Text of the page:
Misplaced assumptions behind rigid monetary stance

There is a chorus of appeal for interest rate cuts from the industrialists, some economists, journalists and oblique references from the Union Finance Minister, a clear indication of growing impatience with the unyielding stance of the RBI, despite the WPI touching zero.

RBI’s refrains are (i) it is not interest rate alone which is holding up investments and (ii) the inflation should settle down at stipulated levels first.

Intriguing stance

Inflation is and may be yo-yoing – the drop may be temporary and monetary policies cannot flip flop in tandem. But does it make sense to insist that such a volatile factor settle first before RBI initiates action. In a globalised world, the chances of inflation stabilising or holding steady below any stated level are remote.

Policies are not like court judgements – they are made for the future based on assessments. The statements emanating from the monetary authorities cannot be called assessments of the future – they seem at best fears and apprehensions of what might go wrong in the future.

For most other stakeholders, trying to understand its stance is like a deaf man trying to appreciate Mozart.

Kinds of decisions

RBI officials have been reported to be saying ‘not just credit cost, other factirs also are slowing loan offtake’ as justification for their reluctance to adjust interest rates downwards.

RBI’s stance would have a justifiable basis, if investments were being made by assigning weights to interest rates, licences, environment clearances, land acquisition, etc. A lower score on just one factor alone (interest in this case) would not hold back investments.

There are situations in physical investments which follow this method – like the choice of locations which may be based on water, road connectivity, manpower availability, tax incentives, etc. Choice of technology may be based on royalty, yearly maintenance outgo, experience of others, etc.

For a credit rating agency, a good asset cover does not compensate for weak demand, and a good gearing cannot take care of regulatory risks. The rating agency assigns weights to various factors and scores on each such factor to come to a weighted ‘rating’.

But where it concerns interest rates, permits, or land acquisition investors in physical assets do not come to a conclusion by weighting. Each such factor is like ‘go-no-go’ gates. The proposed investment will have to pass through each of them.

No business will undertake a project where the net returns are poor or below cut of even if all the other factors are favourable.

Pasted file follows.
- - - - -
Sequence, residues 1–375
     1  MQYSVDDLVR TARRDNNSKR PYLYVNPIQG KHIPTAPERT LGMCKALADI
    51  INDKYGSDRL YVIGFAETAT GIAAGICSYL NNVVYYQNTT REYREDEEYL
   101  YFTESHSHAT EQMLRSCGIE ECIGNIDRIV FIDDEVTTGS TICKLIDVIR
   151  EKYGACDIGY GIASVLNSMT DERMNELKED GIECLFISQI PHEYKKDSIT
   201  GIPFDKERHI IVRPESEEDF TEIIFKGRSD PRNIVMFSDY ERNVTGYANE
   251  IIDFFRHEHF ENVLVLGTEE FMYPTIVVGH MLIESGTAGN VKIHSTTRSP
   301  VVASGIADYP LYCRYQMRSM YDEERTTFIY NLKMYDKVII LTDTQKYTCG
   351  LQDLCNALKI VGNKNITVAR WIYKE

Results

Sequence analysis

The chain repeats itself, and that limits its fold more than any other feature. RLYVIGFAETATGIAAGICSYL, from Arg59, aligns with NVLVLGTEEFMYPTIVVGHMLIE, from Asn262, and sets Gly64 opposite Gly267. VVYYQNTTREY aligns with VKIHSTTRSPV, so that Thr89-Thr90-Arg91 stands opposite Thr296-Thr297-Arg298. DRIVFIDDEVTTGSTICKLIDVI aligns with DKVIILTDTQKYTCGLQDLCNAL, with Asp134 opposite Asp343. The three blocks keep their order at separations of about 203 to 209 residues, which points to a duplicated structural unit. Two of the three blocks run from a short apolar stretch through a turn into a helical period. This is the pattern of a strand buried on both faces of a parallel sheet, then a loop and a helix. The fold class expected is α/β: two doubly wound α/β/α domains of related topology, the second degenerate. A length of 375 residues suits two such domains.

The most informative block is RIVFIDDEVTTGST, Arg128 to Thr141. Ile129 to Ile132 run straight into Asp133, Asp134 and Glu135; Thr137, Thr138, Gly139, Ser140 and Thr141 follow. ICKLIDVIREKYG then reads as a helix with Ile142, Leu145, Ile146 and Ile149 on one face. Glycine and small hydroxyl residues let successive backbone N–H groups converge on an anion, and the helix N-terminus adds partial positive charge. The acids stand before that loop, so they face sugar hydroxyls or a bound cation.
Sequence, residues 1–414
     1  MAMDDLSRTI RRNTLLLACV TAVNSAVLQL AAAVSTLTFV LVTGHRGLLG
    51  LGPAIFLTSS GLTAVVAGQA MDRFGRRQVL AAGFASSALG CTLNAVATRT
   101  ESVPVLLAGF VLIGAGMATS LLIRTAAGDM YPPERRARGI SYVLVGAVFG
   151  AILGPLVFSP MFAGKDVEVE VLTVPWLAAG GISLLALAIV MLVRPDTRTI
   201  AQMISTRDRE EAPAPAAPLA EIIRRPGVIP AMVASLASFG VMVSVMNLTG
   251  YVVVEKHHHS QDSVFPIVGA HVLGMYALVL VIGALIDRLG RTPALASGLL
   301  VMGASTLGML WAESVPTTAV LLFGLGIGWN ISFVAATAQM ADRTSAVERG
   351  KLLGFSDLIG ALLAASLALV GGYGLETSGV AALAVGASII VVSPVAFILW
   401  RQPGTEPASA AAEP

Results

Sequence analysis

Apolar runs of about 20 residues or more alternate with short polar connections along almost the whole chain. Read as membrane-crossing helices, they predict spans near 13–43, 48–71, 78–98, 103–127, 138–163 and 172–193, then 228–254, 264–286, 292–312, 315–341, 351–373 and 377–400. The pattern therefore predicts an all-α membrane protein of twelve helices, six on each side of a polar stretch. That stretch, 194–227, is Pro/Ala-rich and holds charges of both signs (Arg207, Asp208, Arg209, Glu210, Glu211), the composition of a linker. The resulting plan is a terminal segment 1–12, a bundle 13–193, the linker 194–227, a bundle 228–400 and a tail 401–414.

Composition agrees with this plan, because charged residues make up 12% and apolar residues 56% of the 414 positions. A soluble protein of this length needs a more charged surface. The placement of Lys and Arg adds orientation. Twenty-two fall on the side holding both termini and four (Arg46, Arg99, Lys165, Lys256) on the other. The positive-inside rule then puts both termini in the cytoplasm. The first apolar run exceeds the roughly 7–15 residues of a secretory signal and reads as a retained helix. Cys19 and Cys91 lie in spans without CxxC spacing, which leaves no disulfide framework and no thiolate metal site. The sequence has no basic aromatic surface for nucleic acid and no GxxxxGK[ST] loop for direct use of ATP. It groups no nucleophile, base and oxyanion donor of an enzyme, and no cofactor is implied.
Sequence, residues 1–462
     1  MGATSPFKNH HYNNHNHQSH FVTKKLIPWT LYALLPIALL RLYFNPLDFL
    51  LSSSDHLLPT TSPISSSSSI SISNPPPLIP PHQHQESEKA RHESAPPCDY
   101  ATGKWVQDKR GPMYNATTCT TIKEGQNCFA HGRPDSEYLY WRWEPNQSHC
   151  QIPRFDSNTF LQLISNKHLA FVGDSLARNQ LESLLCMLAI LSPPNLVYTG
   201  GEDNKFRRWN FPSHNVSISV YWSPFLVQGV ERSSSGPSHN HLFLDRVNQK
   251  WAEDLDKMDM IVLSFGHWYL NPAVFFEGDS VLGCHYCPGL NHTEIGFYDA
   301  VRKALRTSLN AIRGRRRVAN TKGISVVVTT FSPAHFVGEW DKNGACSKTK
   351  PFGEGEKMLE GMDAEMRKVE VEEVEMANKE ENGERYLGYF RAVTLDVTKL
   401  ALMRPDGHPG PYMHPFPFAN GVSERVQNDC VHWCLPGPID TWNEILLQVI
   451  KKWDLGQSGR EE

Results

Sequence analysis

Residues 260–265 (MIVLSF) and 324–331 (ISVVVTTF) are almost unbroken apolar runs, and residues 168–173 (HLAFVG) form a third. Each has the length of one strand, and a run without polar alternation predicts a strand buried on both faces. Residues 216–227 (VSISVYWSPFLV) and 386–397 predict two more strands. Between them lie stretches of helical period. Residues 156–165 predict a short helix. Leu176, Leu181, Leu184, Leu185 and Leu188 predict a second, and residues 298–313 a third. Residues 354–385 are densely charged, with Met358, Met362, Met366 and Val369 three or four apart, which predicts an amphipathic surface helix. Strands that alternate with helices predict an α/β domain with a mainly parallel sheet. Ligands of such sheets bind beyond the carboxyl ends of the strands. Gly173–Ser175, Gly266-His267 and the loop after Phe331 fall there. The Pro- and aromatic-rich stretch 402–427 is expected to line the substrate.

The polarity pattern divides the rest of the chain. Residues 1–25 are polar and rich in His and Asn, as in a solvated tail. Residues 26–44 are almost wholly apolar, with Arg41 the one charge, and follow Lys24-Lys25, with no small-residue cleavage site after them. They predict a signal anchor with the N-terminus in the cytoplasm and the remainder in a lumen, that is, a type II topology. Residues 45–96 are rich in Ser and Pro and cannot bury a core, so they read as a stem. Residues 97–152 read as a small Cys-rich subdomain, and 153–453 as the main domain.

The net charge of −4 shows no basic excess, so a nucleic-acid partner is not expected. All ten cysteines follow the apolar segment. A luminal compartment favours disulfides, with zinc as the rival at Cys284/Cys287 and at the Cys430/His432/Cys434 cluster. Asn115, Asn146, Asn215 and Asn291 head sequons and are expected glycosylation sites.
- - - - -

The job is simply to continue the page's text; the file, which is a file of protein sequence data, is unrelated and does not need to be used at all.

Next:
Poor Net Returns

The net returns (excess of returns on capital employed (ROCE) over weighted average cost of capital) for many industries have been continuously declining for the last few quarters and for many of them are deeply in the negative at the current interest rate scenario.

The real interest rates (calculated as nominal interest rates less inflation) if calculated industry wise is so high for most industries that it does not make sense investing in them.

Ironically, the problem is more acute for industries sourcing agro inputs where the inflation (the main reason for high interest rates) has been rather high but output prices increasingly linked to import parity have just not moved up.

There are no precise studies on the single dominant factor holding back investments.

The RBI may be correct in saying that interest rates are not the sole villain. Sure the legislations in the last few years has tied the industry in all kinds of knots – FTAs, Green Tribunals, land acquisition laws, unprecedented tax aggression, and of course various court rulings. There are also wide spread problems of excess leveraging.

But if all of them were to fall in line, would the prevailing interest rates and negative net returns attract additional investments? The answer is a clear ‘no’. Most commercial projects have a target of 3-4% net excess of ROCE over WACC. A 2% ‘excess’ interest (or 1.3% after tax) is a sizable proportion thereof. It is a serious enough hurdle that can stall/kick start at least 25-30% of the projects which are otherwise capable of proceeding ahead.

Inappropriate to tackle growth induced inflation

Inflation and growth are positively co-related. Presumably, inflation leads to lesser real interest rates making investments attractive. It is also indicative of healthy demand which is facilitative of investments.

But the other lesser popularised way of growth leading to inflation is increase in relative prices. If productivity in other sectors increase, these sectors may be willing to pay more for, say, agricultural products even if agri-productivity does not go up. If weights remain the same, there will be inflation – a situation where inflation may not have its usual adverse consequences.

In the last few years, increased productivity in other sectors have been shared with agri-cultural sector through administrative orders like increased MSPs causing high food inflation and its consequent impact on general inflation.

Whether this needs to be contained by restrictive interest rates is doubtful.

Likely Impasse

As per its own statistics capacity utilisation of most industries including capital goods sector is low – nowhere near full capacity which is when it needs to be stifled by higher interest rates. Given the current circumstances the policy stance seems misplaced or born of inappropriate reading of the situation.

If real investors also wait for everything from government policies to court judgements, interest rates to labour laws to settle down before investing in similar manner to our monetary stance, perhaps no physical investments will ever take place anywhere.

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